By Show and Tell
By Bree Davies
By Bree Davies
By Cory Casciato
By Emilie Johnson
By Robin Edwards
By Bree Davis
By Josiah M. Hesse
Not that this play escapes the sentimentality of the movies mentioned above, but director Derek Munson has incorporated a few interesting techniques to harden the fluff a tad. A large video screen beckons the viewer into the theater with a bizarre combination of contemporary images drawn from TV, rock videos and the movies. The set is the expected baby's new room. The walls have been decorated in an underwater scene; paint cans and other painting gear are strewn around the floor, and clearly there is more work left to do.
A young husband, Ben, enters to cop a smoke before his wife gets home, and he tells us about her--how much he loves her and how he loves to watch her cope with all his childish antics. He likes kids in the abstract but isn't ready for them, he says. Enter Joanie, visibly pregnant. She quickly finds the cigs and disposes of them, lectures Ben on his behavior and talks to the audience about him when he leaves the room. She thinks he'll make a great daddy despite his chronic mean teasing and the disgusting dead-baby jokes he tells.
The rest of the first act is all push-pull bickering, teasing and cajoling. Ben makes Joanie cry, comforts her and makes her cry again in his hostility toward her pregnancy. By the end of Act One, Joanie and Ben split--Nine Months comes unpleasantly to mind. As Act Two begins, the baby's room has been given a conventional redecoration by Joanie's pushy mother, and the new baby is three months old and has just been baptized. Ben sneaks in the window and says Jewish prayers over his little son, naming him Daniel. He has to hide when Joanie's parents bustle in, but eventually he gets Joanie alone and offers to grow up. At this point, Joanie tells him what it's "really" like to parent a tiny baby. And this is where the writing gets absurd; small babies just aren't all that hard to handle, however awkward the parents' psychological adjustment may be.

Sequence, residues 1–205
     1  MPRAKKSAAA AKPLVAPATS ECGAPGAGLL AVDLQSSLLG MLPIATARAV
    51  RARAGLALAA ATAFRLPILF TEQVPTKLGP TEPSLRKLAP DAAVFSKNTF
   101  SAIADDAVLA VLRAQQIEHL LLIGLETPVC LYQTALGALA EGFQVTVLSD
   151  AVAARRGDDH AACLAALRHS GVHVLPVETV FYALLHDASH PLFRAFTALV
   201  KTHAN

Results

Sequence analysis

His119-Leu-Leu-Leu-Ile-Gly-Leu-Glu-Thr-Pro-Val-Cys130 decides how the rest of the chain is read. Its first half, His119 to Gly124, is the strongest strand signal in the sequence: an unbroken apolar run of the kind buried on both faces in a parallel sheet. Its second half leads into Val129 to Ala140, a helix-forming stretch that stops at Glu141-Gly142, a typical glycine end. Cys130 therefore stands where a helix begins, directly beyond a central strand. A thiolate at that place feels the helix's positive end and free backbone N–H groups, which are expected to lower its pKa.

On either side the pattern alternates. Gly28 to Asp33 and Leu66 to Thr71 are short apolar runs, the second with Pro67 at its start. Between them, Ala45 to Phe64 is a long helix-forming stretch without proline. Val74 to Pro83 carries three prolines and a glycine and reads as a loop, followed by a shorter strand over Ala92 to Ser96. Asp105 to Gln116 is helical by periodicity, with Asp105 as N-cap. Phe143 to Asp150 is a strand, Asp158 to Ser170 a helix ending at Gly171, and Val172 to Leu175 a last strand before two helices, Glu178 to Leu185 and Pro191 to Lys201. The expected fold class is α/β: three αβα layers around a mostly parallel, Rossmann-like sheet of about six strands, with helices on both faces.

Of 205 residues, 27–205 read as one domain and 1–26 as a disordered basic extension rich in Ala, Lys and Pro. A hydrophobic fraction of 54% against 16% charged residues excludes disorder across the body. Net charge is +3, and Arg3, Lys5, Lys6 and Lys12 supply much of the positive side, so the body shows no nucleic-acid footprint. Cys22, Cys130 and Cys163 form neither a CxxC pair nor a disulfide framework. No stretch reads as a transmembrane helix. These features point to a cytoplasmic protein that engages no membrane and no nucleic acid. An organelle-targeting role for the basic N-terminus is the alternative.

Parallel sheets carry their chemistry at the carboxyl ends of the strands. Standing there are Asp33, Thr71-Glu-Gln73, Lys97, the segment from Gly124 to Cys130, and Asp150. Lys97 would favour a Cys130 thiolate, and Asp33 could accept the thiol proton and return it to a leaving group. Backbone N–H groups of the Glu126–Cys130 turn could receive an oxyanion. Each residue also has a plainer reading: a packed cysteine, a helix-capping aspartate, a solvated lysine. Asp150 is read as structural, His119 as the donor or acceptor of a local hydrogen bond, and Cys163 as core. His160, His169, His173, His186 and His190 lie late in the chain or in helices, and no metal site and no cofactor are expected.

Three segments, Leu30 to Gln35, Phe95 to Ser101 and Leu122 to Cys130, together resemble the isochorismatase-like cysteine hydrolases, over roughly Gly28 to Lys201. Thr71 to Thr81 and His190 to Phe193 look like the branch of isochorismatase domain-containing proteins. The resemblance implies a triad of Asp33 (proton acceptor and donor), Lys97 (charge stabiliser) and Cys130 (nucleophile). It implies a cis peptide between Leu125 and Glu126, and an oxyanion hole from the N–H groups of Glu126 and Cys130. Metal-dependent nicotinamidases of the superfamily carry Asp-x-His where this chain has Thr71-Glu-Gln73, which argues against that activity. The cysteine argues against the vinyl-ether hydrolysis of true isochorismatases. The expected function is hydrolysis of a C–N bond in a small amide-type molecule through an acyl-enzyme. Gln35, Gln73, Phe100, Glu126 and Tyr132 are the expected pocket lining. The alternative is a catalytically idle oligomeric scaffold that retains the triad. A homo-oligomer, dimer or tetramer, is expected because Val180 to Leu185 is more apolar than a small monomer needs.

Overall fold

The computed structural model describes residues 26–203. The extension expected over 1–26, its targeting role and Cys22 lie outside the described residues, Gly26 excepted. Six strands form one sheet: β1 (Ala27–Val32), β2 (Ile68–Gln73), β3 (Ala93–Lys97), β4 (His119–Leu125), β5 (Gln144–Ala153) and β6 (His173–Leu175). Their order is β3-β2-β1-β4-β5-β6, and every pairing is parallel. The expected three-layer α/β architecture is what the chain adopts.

The best thing about this production is Chris Whyde as the boyish Ben trying to learn how to be a grownup. Whyde mixes Ben's emotions so visibly that we realize what he's up against--how the entire culture worships youth and fun, denigrates adult responsibility and rewards incoherence, inanity and silliness. Ben works in television, so creativity is a sore spot for him; he tells people he's a mortician or an inspector for the IRS--anything but the truth. In playwright Ted Tally's terms, working in television says it all. But Whyde makes sure we care about Ben in spite of his selfishness, so that we can believe his changes when they come.
Catherine diBella keeps Joanie frantic, depressed and shrewd. It's a conscientious reading of a thin role--Joanie is not written as well as Ben, and she whines too much. Judy Phelan-Hill dominates the stage physically as Joanie's controlling mother, and Ray Klein gives a sturdy, engaging performance in the thankless role of Joanie's put-upon father.
Unfortunately, these accomplished actors have to buck a script that meanders all over the problem of parenthood, cutting into the surface a little but never reaching the heart of the matter. It's helpful and important to see how childish adults can be; it's not a pretty picture, despite media propaganda to the contrary. And it's touching to see how people go about solving their own shortcomings for the sake of a new life. But as funny as this show is and as splendid as its last few minutes are, when its surprise guest star appears, there is something just too trivializing, perhaps even cynical, in the signature comic sentiment expressed by Ben: "Parenthood...the unprepared attempting the impossible for the sake of the ungrateful."
Little Footsteps, through May 12 at the Aurora Fox, 9900 East Colfax, Aurora, 361-2910.